The man who was not carrying a burlap sack appeared to be the leader, and as he reached for his pistol, Rick instantly drew a bead on him with his rifle and squeezed the trigger. So certain of his aim that he reloaded without delay while still riding, a feat that few could emulate, Rick had the satisfaction of seeing the man crumple to the ground, a small, neat hole in the center of his forehead.
The Rangers fired a second or two later. One bullet found its mark, and another man fell to the ground, flinging his arms upward and dropping his burlap sack with a crash as he died. The other Ranger missed his target completely, but now the odds were even. Rick fired a second shot as quickly as he could raise his rifle to his shoulder, and again he was successful.
By now the two remaining thieves had placed their burdens on the ground and were returning the Rangers' fire with their own pistols. A bullet whistled past Rick's head, close to his ear, but he did not flinch. Instead, he felt angry. Timing his move carefully, he forced his superbly trained stallion to a halt, at the same time leaping to the ground and firing his pistol at one of the remaining pair before they had the chance to reload. For the third time he found his target.
The last of the robbers turned and started to run. Rick had no opportunity to reload now, but he sprinted after the criminal. Using his rifle as a club, he grasped the weapon by its still-warm barrel and sent the stock smashing into the side of the man's head. Blood spurted from his head as he dropped like a felled log and lay motionless, his sightless eyes fixed on the pale, cloudless sky.
The two Rangers were not surprised at their superior's accomplishments. Dispatching four of their five foes had been a typical Rick Miller performance.
Leaving the Rangers to make certain that all five of the criminals were indeed dead, Rick walked to the rear of the house, then removed his hat when he saw the tableau that awaited him. A man with the tanned face and forearms of one who lived behind a plow was stretched on the ground, a faint trickle of blood still oozing from the spot on his chest where a thief's bullet had killed him. Standing over him, dry-eyed, were a woman with a lined, careworn face and two girls in their early teens, who wept as they clung to their mother.
"Miller, Texas Rangers, ma'am," Rick called, announcing himself so he would not alarm the trio.
The woman looked at him and nodded, her face blank.
"I'm afraid we got here too late, but those thieves won't do any more damage, not to anybody," he said.
"Thank God for that much," she replied in a dry, cracked voice.
He moved a few steps closer, then halted, feeling very much ill at ease. He had no idea that, when he spoke again, there was genuine compassion, even a touch of tenderness, in his voice. "We'll return your stolen property to the house for you, ma'am, and we'll remove the bodies of those bobcats so you won't have to look at them again. Is there anything else we can do for you?"
"Yes, please." Like so many who lived on the frontier, the newly widowed woman was eminently practical, even in a time of great tragedy. "I'll be obliged to you if you'll dig a grave for my husband's body. The girls and I have no heart for it."
"Yes, ma'am," he murmured.
"You'll find shovels in the near barn," she said, then led her children into the house.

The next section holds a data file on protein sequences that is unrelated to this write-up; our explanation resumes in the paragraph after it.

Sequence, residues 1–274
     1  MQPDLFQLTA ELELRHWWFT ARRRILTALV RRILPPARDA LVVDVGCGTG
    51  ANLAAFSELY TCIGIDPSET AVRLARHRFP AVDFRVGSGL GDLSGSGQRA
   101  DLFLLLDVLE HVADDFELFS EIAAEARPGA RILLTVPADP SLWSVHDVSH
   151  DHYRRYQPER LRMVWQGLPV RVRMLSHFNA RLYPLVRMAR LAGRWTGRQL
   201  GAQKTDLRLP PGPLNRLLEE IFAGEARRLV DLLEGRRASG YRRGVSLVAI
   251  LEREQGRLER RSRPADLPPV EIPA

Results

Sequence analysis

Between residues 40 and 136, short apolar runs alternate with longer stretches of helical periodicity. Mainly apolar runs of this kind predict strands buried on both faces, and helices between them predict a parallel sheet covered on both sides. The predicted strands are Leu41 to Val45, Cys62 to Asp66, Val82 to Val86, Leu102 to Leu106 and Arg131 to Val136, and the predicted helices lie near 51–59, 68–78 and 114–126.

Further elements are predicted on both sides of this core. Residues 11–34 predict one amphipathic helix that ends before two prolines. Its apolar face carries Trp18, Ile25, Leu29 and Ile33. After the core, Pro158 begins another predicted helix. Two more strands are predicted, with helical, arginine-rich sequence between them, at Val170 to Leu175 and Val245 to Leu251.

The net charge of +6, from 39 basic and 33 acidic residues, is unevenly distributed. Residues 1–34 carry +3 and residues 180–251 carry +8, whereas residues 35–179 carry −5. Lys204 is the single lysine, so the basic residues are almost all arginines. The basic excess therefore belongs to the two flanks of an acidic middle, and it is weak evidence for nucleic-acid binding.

Rick and his Rangers went to work digging a grave, fashioning a crude coffin, dragging the bodies of the thieves off the property, and throwing them into a gully, where the vultures soon would dispose of their remains, and then piling the stolen goods on the front porch. Rick noted absently that it was in need of paint.
There were several other chores that had to be done, and then Rick tapped at the door. The woman, still dry-eyed, opened it and stood on the threshold.
"It won't make up for the loss of your husband, ma'am, but I've put the thieves' horses in the big barn for you. I reckon you can get a fairly good price for them. They're all sound geldings. And here are the robbers' firearms, along with a purse that's filled with all the money they were carrying. Maybe all this will help tide you over."
An expression of gratitude appeared in her shocked, grief-stricken eyes. He became still more uneasy. If there was anything that upset him, it was being thanked for doing his duty. It didn't occur to him that he was going far beyond the call of duty, any more than he knew his voice and manner suggested a surprising inner, gentle quality that was at odds with his conduct when he tracked down criminals. He would have been astonished had anyone told him that he was a truly gentle man.
"What more can we do for you, ma'am?"
The woman hesitated for an instant, then said, "Would it be asking too much to bury my husband, please? My girls are taking it bad, but they'll accept his death as final once he's buried and they realize life must go on. That's why I hate to wait a day or so until the neighbors can gather."
As Rick well knew, the closest neighbors might live as far as five miles away. "It's the very least we can do," he said.
Again she hesitated. "Maybe you could read a prayer? I can fetch a Bible for you."
He had never read aloud, but duty sometimes made it necessary for a Ranger officer to do unusual things. "Is there something in particular you want me to read?"
She shook her head. "You choose it."
"Then," he replied, surprising himself as well as the widow, "I won't need the Bible."
A few minutes later the little group assembled behind the barn where the grave had been dug. The Rangers carried the farmer's coffin there and, at the widow's request, nailed it shut before her daughters came out of the house.